Waikiki residents question layout of planned Kuhio Avenue high-r - Hawaii News Now - KGMB and KHNL

Waikiki residents question layout of planned Kuhio Avenue high-rise

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WAIKIKI (HawaiiNewsNow) -

 

With nearly 460 units, the Ritz-Carlton Residences Waikiki Beach, also known as 2121 Kuhio, will go up right behind Kalakaua Avenue's luxury row.

The project's developers say the 37-floor building will be parallel with the ocean, stretching from Diamond Head to Ewa.
    
Critics argue the layout goes against the Waikiki Special district design guidelines, which say high rises must run mauka to makai. They also think the building will distort an ocean front view.

"Having your view blocked to me is a big deal," said Louis Erteschik, vice chairman of the Waikiki Neighborhood Board. "But if you are going to violate the guidelines and it is going to negatively impact other residents, I think that is a bad situation all around."

The project's developers, PACREP, LLC, addressed claims the tower violates guidelines in a written statement:

"We believe the project complies with the Waikiki Special Design District guidelines. We also have extensively studied the use of the site and feel our proposed design best complements its geometry and constraints."

To reduce impact on blocking others' ocean view, PACREP says it has also altered the design by reducing the tower's width by 48 feet.

Mark Harpenau lives in the Four Paddle condominium located directly across the street and says the alterations aren't enough.

"At least slice off part of the building and make it narrower," Harpenau said. "They could put at least three to four units on both sides of the building and make it narrower. They don't need to put all the units on the ocean side of the building."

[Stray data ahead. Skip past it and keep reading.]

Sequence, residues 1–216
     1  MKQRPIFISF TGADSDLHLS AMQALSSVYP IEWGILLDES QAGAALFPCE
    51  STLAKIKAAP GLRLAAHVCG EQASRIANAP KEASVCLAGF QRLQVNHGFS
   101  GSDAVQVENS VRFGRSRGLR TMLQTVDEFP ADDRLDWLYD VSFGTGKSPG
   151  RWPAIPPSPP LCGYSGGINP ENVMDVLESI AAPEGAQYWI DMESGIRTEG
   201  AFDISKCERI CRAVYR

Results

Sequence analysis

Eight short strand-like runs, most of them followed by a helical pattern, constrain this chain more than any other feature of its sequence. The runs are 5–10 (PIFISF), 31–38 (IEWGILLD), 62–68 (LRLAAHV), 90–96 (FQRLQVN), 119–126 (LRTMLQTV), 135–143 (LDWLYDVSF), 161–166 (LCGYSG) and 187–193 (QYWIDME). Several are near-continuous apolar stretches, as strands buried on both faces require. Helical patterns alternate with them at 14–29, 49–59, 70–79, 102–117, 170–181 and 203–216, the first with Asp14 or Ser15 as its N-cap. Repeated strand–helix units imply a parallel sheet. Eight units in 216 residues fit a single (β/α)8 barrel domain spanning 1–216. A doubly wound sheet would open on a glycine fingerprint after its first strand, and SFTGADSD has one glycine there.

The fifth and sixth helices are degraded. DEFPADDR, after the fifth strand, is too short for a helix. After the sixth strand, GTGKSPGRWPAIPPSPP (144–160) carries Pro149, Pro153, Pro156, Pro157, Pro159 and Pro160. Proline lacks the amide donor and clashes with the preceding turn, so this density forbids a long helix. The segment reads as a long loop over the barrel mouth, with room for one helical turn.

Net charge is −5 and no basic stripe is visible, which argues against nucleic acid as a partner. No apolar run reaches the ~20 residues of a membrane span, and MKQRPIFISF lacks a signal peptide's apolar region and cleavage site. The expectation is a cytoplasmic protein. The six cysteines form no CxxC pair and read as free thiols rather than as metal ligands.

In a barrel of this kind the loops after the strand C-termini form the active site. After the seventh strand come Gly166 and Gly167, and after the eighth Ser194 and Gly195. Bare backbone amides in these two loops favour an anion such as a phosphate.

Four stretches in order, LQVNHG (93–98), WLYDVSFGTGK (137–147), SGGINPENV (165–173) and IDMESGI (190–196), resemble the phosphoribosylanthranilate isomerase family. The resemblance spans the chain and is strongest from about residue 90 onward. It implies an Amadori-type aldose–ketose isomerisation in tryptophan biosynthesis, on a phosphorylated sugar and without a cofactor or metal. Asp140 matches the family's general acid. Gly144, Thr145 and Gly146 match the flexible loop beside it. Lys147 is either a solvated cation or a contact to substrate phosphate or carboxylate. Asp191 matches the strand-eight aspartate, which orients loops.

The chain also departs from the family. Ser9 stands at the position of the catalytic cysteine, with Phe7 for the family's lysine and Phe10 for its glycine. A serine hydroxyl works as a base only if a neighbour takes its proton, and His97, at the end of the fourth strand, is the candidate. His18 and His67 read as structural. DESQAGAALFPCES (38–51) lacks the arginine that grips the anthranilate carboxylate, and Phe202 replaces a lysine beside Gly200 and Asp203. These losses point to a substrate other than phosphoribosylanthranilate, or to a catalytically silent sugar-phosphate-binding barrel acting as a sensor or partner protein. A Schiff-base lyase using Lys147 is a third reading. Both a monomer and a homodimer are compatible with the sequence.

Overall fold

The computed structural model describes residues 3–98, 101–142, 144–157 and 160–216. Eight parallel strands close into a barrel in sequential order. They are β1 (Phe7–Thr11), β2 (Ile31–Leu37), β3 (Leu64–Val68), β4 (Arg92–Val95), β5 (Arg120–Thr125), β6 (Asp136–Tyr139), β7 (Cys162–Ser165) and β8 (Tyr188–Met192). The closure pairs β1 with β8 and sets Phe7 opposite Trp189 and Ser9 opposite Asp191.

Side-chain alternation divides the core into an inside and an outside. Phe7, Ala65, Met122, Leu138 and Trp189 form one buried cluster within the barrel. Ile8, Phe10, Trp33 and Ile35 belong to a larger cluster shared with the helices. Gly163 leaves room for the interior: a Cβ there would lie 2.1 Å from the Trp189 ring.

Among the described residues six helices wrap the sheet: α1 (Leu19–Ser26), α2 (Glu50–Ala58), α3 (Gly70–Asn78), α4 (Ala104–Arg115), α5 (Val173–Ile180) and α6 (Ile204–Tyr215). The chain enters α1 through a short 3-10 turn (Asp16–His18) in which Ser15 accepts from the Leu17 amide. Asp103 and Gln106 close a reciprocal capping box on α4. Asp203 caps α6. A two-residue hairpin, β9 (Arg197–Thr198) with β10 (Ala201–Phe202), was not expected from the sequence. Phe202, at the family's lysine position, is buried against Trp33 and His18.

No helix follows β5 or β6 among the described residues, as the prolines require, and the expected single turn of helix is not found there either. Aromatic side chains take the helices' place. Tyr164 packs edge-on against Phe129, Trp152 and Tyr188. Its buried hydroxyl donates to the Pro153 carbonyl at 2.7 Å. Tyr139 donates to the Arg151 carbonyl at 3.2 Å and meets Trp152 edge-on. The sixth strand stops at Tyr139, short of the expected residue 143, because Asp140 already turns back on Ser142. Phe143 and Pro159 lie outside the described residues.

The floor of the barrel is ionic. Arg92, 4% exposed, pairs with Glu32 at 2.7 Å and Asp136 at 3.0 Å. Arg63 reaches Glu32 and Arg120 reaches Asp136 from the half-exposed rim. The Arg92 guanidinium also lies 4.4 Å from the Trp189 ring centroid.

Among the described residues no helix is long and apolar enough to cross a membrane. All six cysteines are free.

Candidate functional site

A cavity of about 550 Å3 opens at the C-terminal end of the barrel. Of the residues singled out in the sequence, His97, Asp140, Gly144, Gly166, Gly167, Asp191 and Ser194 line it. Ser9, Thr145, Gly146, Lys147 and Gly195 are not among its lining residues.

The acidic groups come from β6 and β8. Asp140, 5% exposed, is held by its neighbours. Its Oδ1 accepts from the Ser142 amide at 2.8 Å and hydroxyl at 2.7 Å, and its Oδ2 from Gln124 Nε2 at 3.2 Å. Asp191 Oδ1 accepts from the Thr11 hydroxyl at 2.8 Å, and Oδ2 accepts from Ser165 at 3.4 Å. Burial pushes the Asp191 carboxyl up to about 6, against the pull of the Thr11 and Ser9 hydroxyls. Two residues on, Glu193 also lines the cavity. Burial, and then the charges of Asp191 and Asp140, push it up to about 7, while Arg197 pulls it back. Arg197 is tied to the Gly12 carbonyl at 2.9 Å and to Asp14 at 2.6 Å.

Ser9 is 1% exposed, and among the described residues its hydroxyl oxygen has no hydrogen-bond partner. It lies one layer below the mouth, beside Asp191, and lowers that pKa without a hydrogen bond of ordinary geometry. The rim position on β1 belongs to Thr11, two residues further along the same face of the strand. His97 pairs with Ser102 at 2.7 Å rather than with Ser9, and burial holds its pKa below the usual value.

The city's Department of Planning and Permitting is expected to make a decision on the proposed layout this week.

If the plan gets the green light, Harpenau is concerned it'll open the doors to more buildings just like it.

"Developers point to previous projects when they are trying to justify their design and they are going to point to this to the DPP," Harpenau said. "Future developers are going to say, 'Well you allowed a wide wall to be built on that property, why can't we do the same thing?'"

A question that could change the face of Waikiki.


With nearly 460 units, Ritz-Carlton's  '2121 Kuhio' luxury hotel-condominium project, will go up right behind Kalakaua Avenue's luxury row.

The developers say the 37-floor building will be parallel with the ocean, stretching from Diamond Head to Ewa.
    
Critics argue the layout goes against the Waikiki Special district design guidelines, which say high rises must run mauka to makai. They also think the building will also block an ocean front view.

"Having your view blocked to me is a big deal," said Louis Erteschik, vice chairman of the Waikiki Neighborhood Board. "But if you are going to violate the guidelines and it is going to negatively impact other residents, I think that is a bad situation all around."

The project's developers, PACREP, LLC, addressed claims the tower violates guidelines in a written statement:

"We believe the project complies with the Waikiki Special Design District guidelines. We also have extensively studied the use of the site and feel our proposed design best complements its geometry and constraints."

To reduce impact on blocking others' ocean view, PACREP says it has also altered the design by reducing the tower's width by 48 feet.

Mark Harpenau lives in the Four Paddle condominium located directly across the street and says the alterations aren't enough.

"At least slice off part of the building and make it narrower," Harpenau said. "They could put at least three to four units on both sides of the building and make it narrower. They don't need to put all the units on the ocean side of the building."

The city's Department of Planning and Permitting is expected to make a decision on the proposed layout this week.

If the plan gets the green light, Harpenau is concerned it'll open the doors to more buildings just like it.

"Developers point to previous projects when they are trying to justify their design and they are going to point to this to the DPP," Harpenau said. "Future developers are going to say, 'Well you allowed a wide wall to be built on that property, why can't we do the same thing?'"

A question that could change the face of Waikiki.

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